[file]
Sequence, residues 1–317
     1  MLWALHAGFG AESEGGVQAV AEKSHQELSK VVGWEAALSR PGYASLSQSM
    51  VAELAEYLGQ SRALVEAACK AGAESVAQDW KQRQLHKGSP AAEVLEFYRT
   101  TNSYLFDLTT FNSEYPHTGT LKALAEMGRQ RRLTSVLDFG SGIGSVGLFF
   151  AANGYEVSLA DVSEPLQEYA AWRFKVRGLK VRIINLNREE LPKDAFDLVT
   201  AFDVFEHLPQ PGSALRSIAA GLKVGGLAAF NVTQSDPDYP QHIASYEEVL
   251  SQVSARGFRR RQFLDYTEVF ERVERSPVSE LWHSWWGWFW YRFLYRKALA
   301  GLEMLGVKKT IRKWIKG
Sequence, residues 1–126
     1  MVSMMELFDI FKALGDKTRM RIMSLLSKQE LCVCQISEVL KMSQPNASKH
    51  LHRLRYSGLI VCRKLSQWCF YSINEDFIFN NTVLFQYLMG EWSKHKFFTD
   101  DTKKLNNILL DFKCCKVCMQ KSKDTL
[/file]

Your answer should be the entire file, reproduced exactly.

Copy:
Sequence, residues 1–317
     1  MLWALHAGFG AESEGGVQAV AEKSHQELSK VVGWEAALSR PGYASLSQSM
    51  VAELAEYLGQ SRALVEAACK AGAESVAQDW KQRQLHKGSP AAEVLEFYRT
   101  TNSYLFDLTT FNSEYPHTGT LKALAEMGRQ RRLTSVLDFG SGIGSVGLFF
   151  AANGYEVSLA DVSEPLQEYA AWRFKVRGLK VRIINLNREE LPKDAFDLVT
   201  AFDVFEHLPQ PGSALRSIAA GLKVGGLAAF NVTQSDPDYP QHIASYEEVL
   251  SQVSARGFRR RQFLDYTEVF ERVERSPVSE LWHSWWGWFW YRFLYRKALA
   301  GLEMLGVKKT IRKWIKG
Sequence, residues 1–126
     1  MVSMMELFDI FKALGDKTRM RIMSLLSKQE LCVCQISEVL KMSQPNASKH
    51  LHRLRYSGLI VCRKLSQWCF YSINEDFIFN NTVLFQYLMG EWSKHKFFTD
   101  DTKKLNNILL DFKCCKVCMQ KSKDTL